"God rest ye merry, gentlemenLet nothing you dismay"
Nothing? Are you serious?
In psychological stress tests, one of the questions asked is, "Have you experienced any of the following in the past year?" The list of possible experiences include: terrorist attack; loss of a loved one; loss of a job; and Christmas. Some bullets are harder to dodge than others.
Apparently Christmas is a very stressful time for many people. The Diagnostic and Statistical Manual of Mental Disorders outlines many reasons people may find Christmas stressful, including: financial and time pressures; isolation; family tensions, also known as getting along with your parents, kids, siblings and relatives; separation and divorce; bereavement; and reflecting on another year gone by, also known as getting older, which still beats the heck out of not getting older... unless you're really depressed about Christmas, which a lot of people seem to be.
Being driven largely by clinicians, the DSM fails to note the most widely experienced causes of Christmastime stress: Christmas parties, alcohol and shortbread. While there will always be a percentage of the population that experience the officially recognized Christmas stressors, virtually everyone gets to share in those.
Christmas parties, especially workplace parties, are, perhaps, the ne plus ultra of career limiting opportunities. You feel you have to go and that's stressful. You feel like a starched prig if you refuse all drink and that both makes you stressed and constitutes your invitation to the slippery slope. And all the unvoiced sexual tensions that permeate most workplaces, where people are forced to spend more time with each other than their spouses, comes a dancin' out as the evening wears on. That is off-the-scale stressful.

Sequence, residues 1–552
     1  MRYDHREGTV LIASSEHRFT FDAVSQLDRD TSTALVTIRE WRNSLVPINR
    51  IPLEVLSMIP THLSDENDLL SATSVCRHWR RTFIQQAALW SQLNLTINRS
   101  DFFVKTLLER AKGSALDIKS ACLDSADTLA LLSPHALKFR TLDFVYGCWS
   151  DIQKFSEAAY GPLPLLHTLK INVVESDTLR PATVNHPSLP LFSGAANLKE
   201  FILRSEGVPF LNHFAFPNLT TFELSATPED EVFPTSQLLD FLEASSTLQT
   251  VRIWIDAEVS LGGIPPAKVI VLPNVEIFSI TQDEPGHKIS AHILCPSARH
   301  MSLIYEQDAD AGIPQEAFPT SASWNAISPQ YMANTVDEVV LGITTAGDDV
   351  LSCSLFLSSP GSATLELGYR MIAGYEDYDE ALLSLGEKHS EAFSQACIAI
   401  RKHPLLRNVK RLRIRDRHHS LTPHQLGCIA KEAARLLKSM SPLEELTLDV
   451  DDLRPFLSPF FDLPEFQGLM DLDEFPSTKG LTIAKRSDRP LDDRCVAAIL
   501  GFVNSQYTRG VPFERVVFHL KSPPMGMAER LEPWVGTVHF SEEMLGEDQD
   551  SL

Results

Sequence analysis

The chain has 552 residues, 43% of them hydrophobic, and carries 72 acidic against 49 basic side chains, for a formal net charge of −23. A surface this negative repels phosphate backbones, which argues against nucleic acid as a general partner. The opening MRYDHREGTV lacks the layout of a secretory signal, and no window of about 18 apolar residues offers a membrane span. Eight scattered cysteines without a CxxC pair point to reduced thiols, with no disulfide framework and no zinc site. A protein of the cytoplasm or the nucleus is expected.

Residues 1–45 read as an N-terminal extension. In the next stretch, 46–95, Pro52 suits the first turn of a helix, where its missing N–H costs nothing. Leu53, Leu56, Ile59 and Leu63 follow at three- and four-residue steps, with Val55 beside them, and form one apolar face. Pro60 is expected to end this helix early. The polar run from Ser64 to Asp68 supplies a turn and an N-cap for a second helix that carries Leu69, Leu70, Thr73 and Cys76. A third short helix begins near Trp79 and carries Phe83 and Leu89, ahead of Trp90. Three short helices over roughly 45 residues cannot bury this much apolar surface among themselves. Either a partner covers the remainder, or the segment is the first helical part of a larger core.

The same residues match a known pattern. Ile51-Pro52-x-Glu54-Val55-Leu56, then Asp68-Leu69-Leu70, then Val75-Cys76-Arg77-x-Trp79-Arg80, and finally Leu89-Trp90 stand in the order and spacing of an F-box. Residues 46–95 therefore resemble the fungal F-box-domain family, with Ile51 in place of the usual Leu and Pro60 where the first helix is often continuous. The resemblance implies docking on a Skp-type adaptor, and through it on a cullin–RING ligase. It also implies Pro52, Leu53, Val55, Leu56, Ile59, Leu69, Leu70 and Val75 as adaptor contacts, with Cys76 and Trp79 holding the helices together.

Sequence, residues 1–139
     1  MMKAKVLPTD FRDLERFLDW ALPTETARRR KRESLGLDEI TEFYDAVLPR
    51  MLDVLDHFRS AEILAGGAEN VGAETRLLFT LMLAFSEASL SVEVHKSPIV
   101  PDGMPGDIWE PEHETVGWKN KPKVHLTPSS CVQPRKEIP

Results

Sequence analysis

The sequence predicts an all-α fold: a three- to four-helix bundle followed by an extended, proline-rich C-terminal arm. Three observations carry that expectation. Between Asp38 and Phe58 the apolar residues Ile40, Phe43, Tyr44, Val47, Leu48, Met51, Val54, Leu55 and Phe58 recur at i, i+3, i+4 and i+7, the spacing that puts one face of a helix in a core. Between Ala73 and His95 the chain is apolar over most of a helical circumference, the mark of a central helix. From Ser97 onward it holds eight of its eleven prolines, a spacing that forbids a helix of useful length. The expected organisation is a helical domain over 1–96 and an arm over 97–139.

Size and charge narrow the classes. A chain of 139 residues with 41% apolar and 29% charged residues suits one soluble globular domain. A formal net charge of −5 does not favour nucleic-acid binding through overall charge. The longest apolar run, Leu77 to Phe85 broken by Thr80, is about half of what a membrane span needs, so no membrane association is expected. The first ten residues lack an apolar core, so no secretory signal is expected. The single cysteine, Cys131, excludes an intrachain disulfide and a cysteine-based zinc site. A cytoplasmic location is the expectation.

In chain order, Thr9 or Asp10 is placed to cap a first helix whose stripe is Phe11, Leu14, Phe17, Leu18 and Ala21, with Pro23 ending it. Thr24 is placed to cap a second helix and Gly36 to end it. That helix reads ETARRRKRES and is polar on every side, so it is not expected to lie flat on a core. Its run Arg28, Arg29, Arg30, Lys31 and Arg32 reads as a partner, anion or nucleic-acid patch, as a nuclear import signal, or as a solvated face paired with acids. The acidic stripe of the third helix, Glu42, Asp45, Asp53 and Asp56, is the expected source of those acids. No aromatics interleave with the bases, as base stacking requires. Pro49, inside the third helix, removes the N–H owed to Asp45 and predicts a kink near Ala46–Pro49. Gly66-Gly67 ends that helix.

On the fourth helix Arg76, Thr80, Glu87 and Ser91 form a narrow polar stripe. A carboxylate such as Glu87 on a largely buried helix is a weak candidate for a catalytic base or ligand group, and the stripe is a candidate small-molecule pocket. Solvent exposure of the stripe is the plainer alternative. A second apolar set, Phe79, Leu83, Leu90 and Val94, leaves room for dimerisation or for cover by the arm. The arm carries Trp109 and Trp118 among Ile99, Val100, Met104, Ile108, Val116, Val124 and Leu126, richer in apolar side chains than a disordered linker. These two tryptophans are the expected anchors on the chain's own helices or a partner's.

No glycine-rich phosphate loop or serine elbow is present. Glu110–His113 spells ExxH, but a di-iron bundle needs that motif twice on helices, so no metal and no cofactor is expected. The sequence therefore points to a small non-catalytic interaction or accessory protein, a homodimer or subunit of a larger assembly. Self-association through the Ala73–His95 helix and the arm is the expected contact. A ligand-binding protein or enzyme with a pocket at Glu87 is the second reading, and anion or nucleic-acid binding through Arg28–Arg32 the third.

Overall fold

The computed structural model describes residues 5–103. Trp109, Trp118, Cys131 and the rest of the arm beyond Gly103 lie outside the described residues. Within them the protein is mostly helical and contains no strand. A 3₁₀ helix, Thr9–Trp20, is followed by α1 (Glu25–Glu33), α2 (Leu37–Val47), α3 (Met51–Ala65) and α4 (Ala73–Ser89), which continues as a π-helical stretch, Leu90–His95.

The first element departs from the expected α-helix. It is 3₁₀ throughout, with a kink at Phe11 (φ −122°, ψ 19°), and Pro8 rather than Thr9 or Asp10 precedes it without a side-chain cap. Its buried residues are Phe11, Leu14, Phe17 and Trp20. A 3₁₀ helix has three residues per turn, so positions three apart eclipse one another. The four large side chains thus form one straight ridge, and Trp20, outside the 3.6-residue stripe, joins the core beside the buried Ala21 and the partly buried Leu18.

As a counter measure, many workplace Christmas parties have adopted a Bring Your Spouse to Christmas Hell policy. As unfair as office parties are where spouses reluctantly tag along, clinging to your side like velcro because they (a) don't know anybody else there, and (b) prefer not to know anybody else there, at least their clinging presence, no matter what you have to pay to make it up to them, is possibly the only thing that'll keep you from making a complete ass of yourself. Well, that and the fact that these days anything you do to make a complete ass of yourself is likely to wind up on Facebook and/or YouTube. If that doesn't keep you sober — or home with a "cold" — then by all means, make that drunken pass at your boss/boss' spouse.
That shortbread, and the thousand other goodies consisting largely of refined sugar and butter, is stressful is more than adequately demonstrated by the record membership sales every single health club enjoys during the first week of January every single year. You can save some stress over this by waiting until February to join the nearest health club since by then they have been largely deserted by those who've learned to live with the stress of pudge rather than experience the stress of working out.